Violet is born purple (by imaginative parents): purple the hair, the eyes, the skin; everything she touches becomes purple for some instants: for these reason the girl is left alone by the town’s people.
This novel for children wants to express the moral that one needs to be content with himself and maybe to find a way to make other people more friendly. A nice message, unfortunately the book has some issues, the most evident to me is the fact that the story could have worked in a fairy tale structure (by cutting something) or in a longer novel format (by exploding something); as it is there are some events that seem to be there for no particular reason. The gipsy girl, the magic book (but it’s true meaning is still not so evident) Frankie’s role, the fact that Violet has a voice like the Disney’s Little Mermaid is enhanced near the end of the novel (at least in the Disney movie it was clear from the beginning that the voice was the most important gift of the mermaid).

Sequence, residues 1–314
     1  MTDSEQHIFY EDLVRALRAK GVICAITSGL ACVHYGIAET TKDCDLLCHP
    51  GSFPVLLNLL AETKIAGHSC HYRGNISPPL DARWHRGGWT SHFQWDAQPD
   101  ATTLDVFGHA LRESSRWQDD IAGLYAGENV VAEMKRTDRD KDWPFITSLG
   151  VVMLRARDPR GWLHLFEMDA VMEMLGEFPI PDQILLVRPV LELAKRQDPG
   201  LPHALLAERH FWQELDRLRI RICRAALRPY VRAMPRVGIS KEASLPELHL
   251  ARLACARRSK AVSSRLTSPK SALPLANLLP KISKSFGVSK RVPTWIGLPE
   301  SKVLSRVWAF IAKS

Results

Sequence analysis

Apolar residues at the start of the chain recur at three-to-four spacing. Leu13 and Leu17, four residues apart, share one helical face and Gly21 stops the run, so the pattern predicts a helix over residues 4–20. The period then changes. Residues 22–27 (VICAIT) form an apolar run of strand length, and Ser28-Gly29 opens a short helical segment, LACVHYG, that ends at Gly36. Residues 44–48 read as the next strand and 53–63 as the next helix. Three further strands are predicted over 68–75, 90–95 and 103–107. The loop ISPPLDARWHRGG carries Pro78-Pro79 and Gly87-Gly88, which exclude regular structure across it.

Some mechanics typical of fairy tales (events repeating each night) does not work very well, like the fact that Violet follows the lights every nights.
In the end it seems like there are different episodes put together to create a more complex story; sometimes the jumps between episodes are quite difficult to follow (in their meaning).
A last comment about the language, maybe it’s because I’m not a child anymore, but I dislike the abuse of exclamation marks: use sparingly! Most of all it’s unbelievable that a purple girl keeps on be surprised by anything.
Thanks to the publisher for providing me the copy necessary to write this review.
* The Purple Girl by Audrey Kane ★★☆☆☆
*I read this book in English